Qualifying for the debate: The lost role of peer review

Democratic 2020 U.S. presidential candidates stand on stage (L-R) author Marianne Williamson, U.S., Rep. Tim Ryan, U.S. Senator Amy Klobuchar, South Bend Mayor Pete Buttigieg, U.S. Senator Bernie Sanders, U.S. Senator Elizabeth Warren, former U.S. Rep. Beto O'Rourke, former Colorado Governor John Hickenlooper, former U.S. Rep. John Delaney, Montana Governor Steve Bullock on the first night of the second 2020 Democratic U.S. presidential debate in Detroit, Michigan, July 30, 2019. REUTERS/Lucas Jackson - HP1EF7V01MKIS

The two previous Democratic primary debates had so many contenders that they challenged the patience of even the most loyal political junkies. This week’s Democratic debate will feature half as many: only 10, candidates. The DNC’s process for narrowing the field has gotten a lot of criticism, mostly from those left out of the debates, but it has been fair, open, and transparent. Nonetheless, one critique has been missing. Under the current rules, candidates must show a substantial number of donors and a certain amount of public support; what they don’t have to show is that they can do the job for which they are auditioning—president of the United States.

In both political parties, the modern American system of choosing presidential contenders is wholly lacking in “peer review.” Peer review is a concept commonly accepted in most professions. For instance, in medicine “peer review is defined as ‘the objective evaluation of the quality of a physician’s or a scientist’s performance by colleagues.’”[1] We license plumbers, electricians, manicurists, nurses, and lawyers.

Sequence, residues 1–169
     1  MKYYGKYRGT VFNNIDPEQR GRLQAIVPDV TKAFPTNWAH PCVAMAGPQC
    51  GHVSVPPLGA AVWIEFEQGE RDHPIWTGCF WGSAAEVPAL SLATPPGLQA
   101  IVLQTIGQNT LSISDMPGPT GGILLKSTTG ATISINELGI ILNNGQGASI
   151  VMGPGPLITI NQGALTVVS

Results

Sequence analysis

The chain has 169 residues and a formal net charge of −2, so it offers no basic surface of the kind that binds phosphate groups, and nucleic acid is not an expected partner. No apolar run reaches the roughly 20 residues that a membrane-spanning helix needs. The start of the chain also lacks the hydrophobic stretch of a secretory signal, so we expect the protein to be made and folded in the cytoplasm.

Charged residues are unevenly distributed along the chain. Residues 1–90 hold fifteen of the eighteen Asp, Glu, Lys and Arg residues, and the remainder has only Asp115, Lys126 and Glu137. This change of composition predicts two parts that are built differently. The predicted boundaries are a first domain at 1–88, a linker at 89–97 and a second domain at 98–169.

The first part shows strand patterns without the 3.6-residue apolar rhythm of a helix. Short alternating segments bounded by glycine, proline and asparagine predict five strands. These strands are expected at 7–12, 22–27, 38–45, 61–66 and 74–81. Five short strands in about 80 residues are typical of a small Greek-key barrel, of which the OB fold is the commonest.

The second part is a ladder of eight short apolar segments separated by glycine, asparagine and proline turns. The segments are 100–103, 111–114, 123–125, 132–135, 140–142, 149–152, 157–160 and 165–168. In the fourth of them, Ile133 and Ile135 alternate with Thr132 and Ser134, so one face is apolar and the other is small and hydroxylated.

We accept peer review in most aspects of life—except politics.

This feature of modern politics went largely unnoticed until 2016 when the Republican Party found themselves with Donald Trump. Republicans that year faced two equally unpalatable choices—go with the candidate who had brought millions of new voters and new enthusiasm to the party or reject a candidate who had nothing in his background to indicate that he had the temperament or the experience to do the job. They chose the former.

For 140 years prior to 1972 both political parties used some form of peer review to nominate their candidates. Primaries were few and far between; the important decisions were made by elected officials and party officials who chose the delegates. Many of the power brokers knew the would-be presidents personally. Once primaries took over and were binding (more or less) on delegates, would-be presidents were evaluated differently. Suddenly the ability to inspire and communicate became more important than other, more boring aspects of the job. At the dawn of this new era, the late political scientist Nelson Polsby defined those aspects of the job as follows:

  • “…intelligence,
  • sobriety of judgement,
  • intellectual flexibility,
  • ability to work well with others,
  • willingness to learn from experience,
  • detailed personal knowledge of government
  • and other personal characteristics which can best be revealed through personal acquaintance.”[2]